Kathmandu under semi-lockdown

Kathmandu Darbar Square has had few visitors after a semi-lockdown was imposed due to fear of a COVID-19 outbreak in the city. All photos: ALISHA SIJAPATI

Sitting in a pati resthouse at Kathmandu Darbar Square, 56-year-old Dev Hari Ghimire reads a newspaper clad in a surgical mask and gloves.

Ghimire is dutifully respecting the government’s order to keep himself protected from the coronavirus. After closing his garment store in Bhotahity on Saturday, Ghimire says, “We cannot defy the government as a big disaster is coming our way, all we can do now is do as we are told to.”

Prime Minister KP Oli’s address on the global pandemic on Friday warned Nepalis to not hold large gatherings and to restrict all non-essential movement. An estimated 1.5 million people have left Kathmandu for their home districts, leaving the streets in the city deserted.

Read also: When panic goes viral, Editorial

A woman poses for a photograph in Basantapur.

A man in a mask in Thamel.

Kathmandu’s tourist quarter, Thamel, is running empty with shops closed and only a few masked tourists waiting to return to their home countries. All international flights have been cancelled from midnight Monday, although Etihad and Qatar Airways are flying ferry flights to evacuate stranded passengers till Wednesday.

Nirmal Malla, 20, who works at the popular lassi shop Indra Chowk Lassi Bhandar says, “I am not fearful about corona but given the thinning crowd we will shut down from Monday.”

Drinking lassi at the same store, is a couple in their 70s, Dinesh and Kamala Bista who had come to New Road to buy some medicine for diabetes. But pharmacies refused to sell them the medicine because there has been a shortage.

“But running a little errand won’t do any harm I am sure, we are already old, we are always on self-quarantine,” jokes Dinesh Bista.

Read also: Fear goes viral, Nepali Times

Dev Hari Ghimire, 56, reads a newspaper clad in a mask and gloves.

Young adults taking photos in Kathmandu Darbar Square, despite an ongoing semi-lockdown and instruction to self isolate at home.

At the popular Chinese restaurant Man Tang Hong in Jyatha, Thamel, Mon Gao looked devastated. His restaurant, which saw people waiting in line for the restaurant’s popular Chinese delicacies, has suffered ever since the outbreak in Wuhan in January.

“It has been over a month and there have been hardly any customers,” Gao says.

As the city comes to a standstill, 25-year-old Rickshaw driver Jeevan Sijali is despondent. “Corona le ta garnu garyo (Corona has ruined everything),” he says.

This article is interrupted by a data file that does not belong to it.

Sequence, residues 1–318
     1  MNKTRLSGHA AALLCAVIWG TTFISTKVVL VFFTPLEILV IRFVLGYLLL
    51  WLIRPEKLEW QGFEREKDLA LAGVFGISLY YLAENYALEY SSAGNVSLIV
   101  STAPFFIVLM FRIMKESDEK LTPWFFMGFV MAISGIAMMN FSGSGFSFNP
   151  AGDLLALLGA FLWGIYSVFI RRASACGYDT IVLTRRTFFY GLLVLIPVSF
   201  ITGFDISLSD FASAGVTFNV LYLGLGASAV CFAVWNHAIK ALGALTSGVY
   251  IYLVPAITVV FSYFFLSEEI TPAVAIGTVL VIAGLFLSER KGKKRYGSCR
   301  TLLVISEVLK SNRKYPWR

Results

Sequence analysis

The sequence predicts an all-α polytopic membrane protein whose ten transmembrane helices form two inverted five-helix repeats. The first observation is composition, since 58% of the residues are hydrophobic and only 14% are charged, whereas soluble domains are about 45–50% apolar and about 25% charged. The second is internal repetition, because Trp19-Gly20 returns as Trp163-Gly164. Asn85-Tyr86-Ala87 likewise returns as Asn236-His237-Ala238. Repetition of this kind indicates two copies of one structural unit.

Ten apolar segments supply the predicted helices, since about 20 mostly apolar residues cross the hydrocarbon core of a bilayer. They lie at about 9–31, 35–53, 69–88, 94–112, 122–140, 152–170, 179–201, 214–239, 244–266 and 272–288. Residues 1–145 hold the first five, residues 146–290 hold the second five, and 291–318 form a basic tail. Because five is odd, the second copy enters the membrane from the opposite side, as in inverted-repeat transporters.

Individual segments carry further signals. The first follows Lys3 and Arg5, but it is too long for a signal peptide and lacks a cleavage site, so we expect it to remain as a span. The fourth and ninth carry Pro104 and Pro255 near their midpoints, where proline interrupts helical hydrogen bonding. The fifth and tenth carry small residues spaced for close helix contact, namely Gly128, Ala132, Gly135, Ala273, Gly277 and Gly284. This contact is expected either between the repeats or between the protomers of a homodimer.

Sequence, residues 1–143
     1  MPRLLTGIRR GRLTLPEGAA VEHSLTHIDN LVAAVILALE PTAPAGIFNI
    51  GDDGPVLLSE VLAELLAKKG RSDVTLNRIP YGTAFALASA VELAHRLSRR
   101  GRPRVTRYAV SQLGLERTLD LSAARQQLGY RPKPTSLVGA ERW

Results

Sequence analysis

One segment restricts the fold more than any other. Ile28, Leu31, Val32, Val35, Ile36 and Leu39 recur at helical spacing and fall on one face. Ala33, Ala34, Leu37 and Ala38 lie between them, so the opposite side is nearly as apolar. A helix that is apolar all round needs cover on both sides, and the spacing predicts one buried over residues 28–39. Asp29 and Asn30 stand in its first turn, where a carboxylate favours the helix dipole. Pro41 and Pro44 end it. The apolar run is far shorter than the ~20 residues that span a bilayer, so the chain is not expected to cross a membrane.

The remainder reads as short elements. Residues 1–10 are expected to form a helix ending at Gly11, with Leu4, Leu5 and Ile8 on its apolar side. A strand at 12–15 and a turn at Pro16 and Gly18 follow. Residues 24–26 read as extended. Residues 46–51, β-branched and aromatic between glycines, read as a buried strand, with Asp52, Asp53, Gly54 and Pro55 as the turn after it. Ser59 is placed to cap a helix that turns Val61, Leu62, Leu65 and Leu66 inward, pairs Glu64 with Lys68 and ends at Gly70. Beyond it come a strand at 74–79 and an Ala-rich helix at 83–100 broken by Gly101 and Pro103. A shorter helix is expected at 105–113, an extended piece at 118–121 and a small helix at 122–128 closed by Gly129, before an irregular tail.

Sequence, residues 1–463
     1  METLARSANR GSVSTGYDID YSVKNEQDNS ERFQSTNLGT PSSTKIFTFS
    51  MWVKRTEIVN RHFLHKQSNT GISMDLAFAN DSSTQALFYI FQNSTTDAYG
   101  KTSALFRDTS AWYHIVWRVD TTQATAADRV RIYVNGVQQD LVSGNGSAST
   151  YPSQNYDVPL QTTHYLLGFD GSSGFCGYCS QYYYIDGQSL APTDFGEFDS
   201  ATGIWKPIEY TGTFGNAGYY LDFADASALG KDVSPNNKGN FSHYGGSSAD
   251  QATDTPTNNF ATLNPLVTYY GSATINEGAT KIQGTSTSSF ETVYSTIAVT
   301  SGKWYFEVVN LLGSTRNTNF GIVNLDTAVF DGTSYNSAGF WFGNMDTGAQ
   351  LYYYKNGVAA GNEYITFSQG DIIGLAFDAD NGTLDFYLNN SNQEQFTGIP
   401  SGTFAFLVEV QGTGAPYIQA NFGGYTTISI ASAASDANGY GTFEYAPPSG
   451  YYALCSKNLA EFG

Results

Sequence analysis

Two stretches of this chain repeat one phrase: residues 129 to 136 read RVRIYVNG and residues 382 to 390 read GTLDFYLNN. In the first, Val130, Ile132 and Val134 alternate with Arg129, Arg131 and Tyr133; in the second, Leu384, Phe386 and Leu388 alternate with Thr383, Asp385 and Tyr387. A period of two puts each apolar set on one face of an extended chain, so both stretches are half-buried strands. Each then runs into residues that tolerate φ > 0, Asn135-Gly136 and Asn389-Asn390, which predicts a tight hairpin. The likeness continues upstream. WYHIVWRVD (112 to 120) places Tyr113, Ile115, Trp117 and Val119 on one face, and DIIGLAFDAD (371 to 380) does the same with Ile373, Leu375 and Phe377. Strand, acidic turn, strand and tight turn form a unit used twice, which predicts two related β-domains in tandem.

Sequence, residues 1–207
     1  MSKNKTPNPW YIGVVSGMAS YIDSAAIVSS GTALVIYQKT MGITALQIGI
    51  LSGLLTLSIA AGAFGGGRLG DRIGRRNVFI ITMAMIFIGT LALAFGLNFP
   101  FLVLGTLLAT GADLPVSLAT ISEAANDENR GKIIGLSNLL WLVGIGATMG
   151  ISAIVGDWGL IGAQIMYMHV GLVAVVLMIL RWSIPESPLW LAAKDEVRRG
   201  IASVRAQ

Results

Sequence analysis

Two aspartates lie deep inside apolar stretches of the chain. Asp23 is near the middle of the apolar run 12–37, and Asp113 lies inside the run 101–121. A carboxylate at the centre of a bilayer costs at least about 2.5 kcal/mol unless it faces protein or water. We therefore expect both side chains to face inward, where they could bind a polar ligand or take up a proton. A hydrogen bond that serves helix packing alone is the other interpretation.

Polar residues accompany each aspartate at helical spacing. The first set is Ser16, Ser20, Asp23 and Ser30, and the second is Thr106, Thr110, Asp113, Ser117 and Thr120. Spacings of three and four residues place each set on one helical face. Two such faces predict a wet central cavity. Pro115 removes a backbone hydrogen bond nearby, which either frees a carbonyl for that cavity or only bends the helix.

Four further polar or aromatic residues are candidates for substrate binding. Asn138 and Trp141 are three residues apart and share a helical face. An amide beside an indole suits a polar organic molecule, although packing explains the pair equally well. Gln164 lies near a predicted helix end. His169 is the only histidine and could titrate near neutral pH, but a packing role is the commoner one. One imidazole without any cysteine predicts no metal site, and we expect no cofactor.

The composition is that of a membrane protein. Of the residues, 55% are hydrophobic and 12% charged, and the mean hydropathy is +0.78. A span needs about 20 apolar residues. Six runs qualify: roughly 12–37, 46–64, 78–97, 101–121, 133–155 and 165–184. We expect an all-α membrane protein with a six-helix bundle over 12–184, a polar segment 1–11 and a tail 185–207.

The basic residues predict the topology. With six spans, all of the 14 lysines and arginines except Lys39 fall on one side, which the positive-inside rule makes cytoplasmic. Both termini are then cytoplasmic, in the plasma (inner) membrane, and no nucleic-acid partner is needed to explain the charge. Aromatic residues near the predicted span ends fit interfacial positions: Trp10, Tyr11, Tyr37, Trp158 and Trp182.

Read also: Nepal’s economy, already weak, takes direct hit, Sanghamitra Subba

With many staying home, Rickshaw pullers had have very few customers since the outbreak of COVID-19.

A usual busy street in Thamel is mostly empty.

Sijali is from Ramecchap and been a Rickshaw driver for over 13 years now and in all these years, it's the first time since he has had no riders for almost a week. “I have my parents and children waiting for me back home and here, I cannot even afford to pay my rent and feed myself two meals a day anymore,” Sijali says.

However, Sijali doesn’t fear coronavirus. He trusts that the government will be able to handle the situation and come up with a solution.

Shyam Regmi, 49, sits next to his wife Gita in the shade at the Darbar Square. He says, “We hear there is no cure for the virus, so despite all the prevention nothing is going to work. What will be will be.”

Read also: Nepal army's quarantine zone, Nepali Times

Very few customers have gone to Man Tang Hong, a popular Chinese joint, since the widespread of COVID-19 in January.

A man wearing a mask prays in Shri Mahendrashwor Temple, Basantapur.

Although many infrastructure projects have halted due to coronavirus scares, some are ongoing.

A Muslim man in a taqiyah using his phone in Jyatha.

Read also:

Nepal postpones international events as fear of COVID-19 intensifies, Mahesh Shrestha

What is novel about the novel coronavirus?, Buddha Basnyat

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